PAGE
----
The birth of new regional lending institutions, like AIIB and NDB, was provoked partly by the US Congress’ refusal to reallocate IMF voting shares in 2012. Conceived out of a desire for a diplomatic status equivalent to their growing economic clout, the emerging economies of Brazil, Russia, India, China, and South Africa coalesced in 2012 and founded the NDB. Aimed at mobilizing “resources for infrastructure and sustainable development projects in emerging and developing economies,” BRICS offers alternatives to American and European-led lending institutions like the International Monetary Fund (IMF) or World Bank. While seemingly diverse, we must now speculate whether these distinctly non-western projects will support one another or increase development competition.
NDB’s launch took considerably more time than AIIB’s. First proposed in 2012, the bank took just over three years to launch, celebrating its official establishment in July 2015. AIIB, however, was first conceived in 2014 and will launch in early 2016. The five founding members of BRICS endured three years of negotiations in order to consolidate their structure. Contrastingly, AIIB’s unilateral founding has enabled its speedier, year and a half formation. Perhaps indicative of superior organization and efficiency, critics worry that AIIB may outpace the development of BRICS.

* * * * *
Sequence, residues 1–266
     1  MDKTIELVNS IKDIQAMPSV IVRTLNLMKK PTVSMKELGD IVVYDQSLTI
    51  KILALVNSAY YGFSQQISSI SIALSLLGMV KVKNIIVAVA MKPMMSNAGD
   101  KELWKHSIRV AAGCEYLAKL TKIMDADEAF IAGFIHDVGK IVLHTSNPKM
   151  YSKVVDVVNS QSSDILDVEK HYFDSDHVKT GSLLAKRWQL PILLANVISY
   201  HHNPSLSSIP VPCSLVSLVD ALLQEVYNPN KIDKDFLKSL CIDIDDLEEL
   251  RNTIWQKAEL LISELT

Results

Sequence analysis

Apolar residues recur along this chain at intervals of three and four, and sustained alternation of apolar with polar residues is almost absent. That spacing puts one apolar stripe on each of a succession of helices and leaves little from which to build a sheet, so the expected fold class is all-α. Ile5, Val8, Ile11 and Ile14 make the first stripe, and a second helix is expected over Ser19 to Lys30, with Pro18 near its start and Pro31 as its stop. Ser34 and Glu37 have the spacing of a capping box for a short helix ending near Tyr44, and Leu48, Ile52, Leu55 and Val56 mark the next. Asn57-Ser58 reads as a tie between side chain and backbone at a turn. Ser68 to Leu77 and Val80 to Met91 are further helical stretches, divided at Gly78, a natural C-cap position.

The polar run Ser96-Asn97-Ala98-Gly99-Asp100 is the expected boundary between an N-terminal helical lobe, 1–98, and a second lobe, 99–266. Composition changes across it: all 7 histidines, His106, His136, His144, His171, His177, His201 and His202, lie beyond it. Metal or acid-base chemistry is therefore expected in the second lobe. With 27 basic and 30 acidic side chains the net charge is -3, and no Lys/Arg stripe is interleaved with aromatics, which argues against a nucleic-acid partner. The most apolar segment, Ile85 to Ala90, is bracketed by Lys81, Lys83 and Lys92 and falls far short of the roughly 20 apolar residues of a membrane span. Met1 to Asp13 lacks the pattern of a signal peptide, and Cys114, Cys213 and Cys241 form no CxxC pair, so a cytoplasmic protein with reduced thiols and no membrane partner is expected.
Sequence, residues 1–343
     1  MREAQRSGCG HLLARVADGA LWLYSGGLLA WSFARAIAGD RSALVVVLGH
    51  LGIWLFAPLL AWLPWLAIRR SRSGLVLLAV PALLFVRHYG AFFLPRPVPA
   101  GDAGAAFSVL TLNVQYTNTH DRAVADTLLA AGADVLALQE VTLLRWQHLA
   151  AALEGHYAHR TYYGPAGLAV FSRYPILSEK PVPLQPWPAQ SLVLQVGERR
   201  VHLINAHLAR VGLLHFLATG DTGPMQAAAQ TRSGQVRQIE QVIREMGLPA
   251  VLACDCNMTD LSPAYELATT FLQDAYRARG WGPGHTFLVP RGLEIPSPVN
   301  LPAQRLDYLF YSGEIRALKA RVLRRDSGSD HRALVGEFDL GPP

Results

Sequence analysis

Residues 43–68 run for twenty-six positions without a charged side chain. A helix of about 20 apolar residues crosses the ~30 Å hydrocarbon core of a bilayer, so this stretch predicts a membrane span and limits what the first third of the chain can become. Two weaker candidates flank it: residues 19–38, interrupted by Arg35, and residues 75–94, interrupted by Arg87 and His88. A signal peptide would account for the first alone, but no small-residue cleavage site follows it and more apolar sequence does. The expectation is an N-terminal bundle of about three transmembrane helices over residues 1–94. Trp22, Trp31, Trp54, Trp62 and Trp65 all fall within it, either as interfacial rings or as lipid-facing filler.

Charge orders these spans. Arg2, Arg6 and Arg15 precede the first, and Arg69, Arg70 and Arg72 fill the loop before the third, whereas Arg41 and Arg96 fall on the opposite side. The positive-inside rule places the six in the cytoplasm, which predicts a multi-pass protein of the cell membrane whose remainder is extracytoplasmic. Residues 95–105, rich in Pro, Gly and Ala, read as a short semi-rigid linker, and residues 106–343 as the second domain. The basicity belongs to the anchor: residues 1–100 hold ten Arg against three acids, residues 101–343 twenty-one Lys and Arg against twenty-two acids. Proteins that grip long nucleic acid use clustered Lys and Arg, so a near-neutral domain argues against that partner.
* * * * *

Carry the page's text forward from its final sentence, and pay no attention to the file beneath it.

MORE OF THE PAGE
This concern is furthered by the comparison of voting shares between the two banks. Within BRICS, all five founding members have contributed an equal share of $10 billion out of its $100 billion in assets. In AIIB, China easily dominates, having contributed nearly $30 billion of its $100 billion capital base. This in turn, positions China with the greatest number of voting shares held by AIIB member countries. Critics caution that China will possess considerably more voting power than its fellow member states, and will utilize that power in determining the organizational structure of AIIB.
Though analysts hypothesize that AIIB and NDB may compete, others suggest that the two institutions are meant to complement one another. Aimed at alleviating the gaps in Asia’s infrastructural needs, the two banks could benefit from cooperation. Aligned with the NDB, AIIB has potential to make a greater contribution within international debate. Although there is skepticism that China will not be able to comply with human rights or environmental regulations, supporters of NDB emphasize that the influence of fellow emerging economies, like Brazil or Russia, will motivate China to recognize western standards.
Alongside emerging markets that are similar in economic and diplomatic statures, BRICS and AIIB may act independently of western lending institutions. Analysts stress that cooperation between AIIB and NDB could even break the ‘monopoly’ held by the IMF and World Bank. Proponents hope that potential partnerships between AIIB and NDB will compel western-led institutions to act more democratically. While these banks formed in response to the unequal allocation of voting shares in western-led institutions, they may still desire to reform voting powers, and thereby further integrate emerging markets into the international order.
Gabrielle Torres is an undergraduate studying Government and Spanish at the University of Texas at Austin.